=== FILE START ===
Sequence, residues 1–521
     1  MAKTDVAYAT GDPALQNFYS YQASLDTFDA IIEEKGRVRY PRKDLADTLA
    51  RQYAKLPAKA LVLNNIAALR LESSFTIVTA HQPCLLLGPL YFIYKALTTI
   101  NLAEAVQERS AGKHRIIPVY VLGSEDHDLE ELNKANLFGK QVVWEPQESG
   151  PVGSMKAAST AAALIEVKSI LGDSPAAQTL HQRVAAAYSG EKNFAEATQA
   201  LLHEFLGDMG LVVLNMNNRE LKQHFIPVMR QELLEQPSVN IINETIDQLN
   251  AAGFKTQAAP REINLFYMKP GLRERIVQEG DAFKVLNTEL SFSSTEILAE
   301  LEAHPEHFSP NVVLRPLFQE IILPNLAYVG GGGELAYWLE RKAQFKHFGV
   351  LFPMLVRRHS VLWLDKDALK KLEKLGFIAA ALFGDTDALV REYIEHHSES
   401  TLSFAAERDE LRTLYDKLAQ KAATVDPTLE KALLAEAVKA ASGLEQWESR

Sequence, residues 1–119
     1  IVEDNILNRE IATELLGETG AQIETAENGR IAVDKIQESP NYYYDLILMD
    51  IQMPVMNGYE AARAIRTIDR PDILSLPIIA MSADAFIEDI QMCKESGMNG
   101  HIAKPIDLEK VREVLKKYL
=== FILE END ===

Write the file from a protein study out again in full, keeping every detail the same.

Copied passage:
Sequence, residues 1–521
     1  MAKTDVAYAT GDPALQNFYS YQASLDTFDA IIEEKGRVRY PRKDLADTLA
    51  RQYAKLPAKA LVLNNIAALR LESSFTIVTA HQPCLLLGPL YFIYKALTTI
   101  NLAEAVQERS AGKHRIIPVY VLGSEDHDLE ELNKANLFGK QVVWEPQESG
   151  PVGSMKAAST AAALIEVKSI LGDSPAAQTL HQRVAAAYSG EKNFAEATQA
   201  LLHEFLGDMG LVVLNMNNRE LKQHFIPVMR QELLEQPSVN IINETIDQLN
   251  AAGFKTQAAP REINLFYMKP GLRERIVQEG DAFKVLNTEL SFSSTEILAE
   301  LEAHPEHFSP NVVLRPLFQE IILPNLAYVG GGGELAYWLE RKAQFKHFGV
   351  LFPMLVRRHS VLWLDKDALK KLEKLGFIAA ALFGDTDALV REYIEHHSES
   401  TLSFAAERDE LRTLYDKLAQ KAATVDPTLE KALLAEAVKA ASGLEQWESR

Sequence, residues 1–119
     1  IVEDNILNRE IATELLGETG AQIETAENGR IAVDKIQESP NYYYDLILMD
    51  IQMPVMNGYE AARAIRTIDR PDILSLPIIA MSADAFIEDI QMCKESGMNG
   101  HIAKPIDLEK VREVLKKYL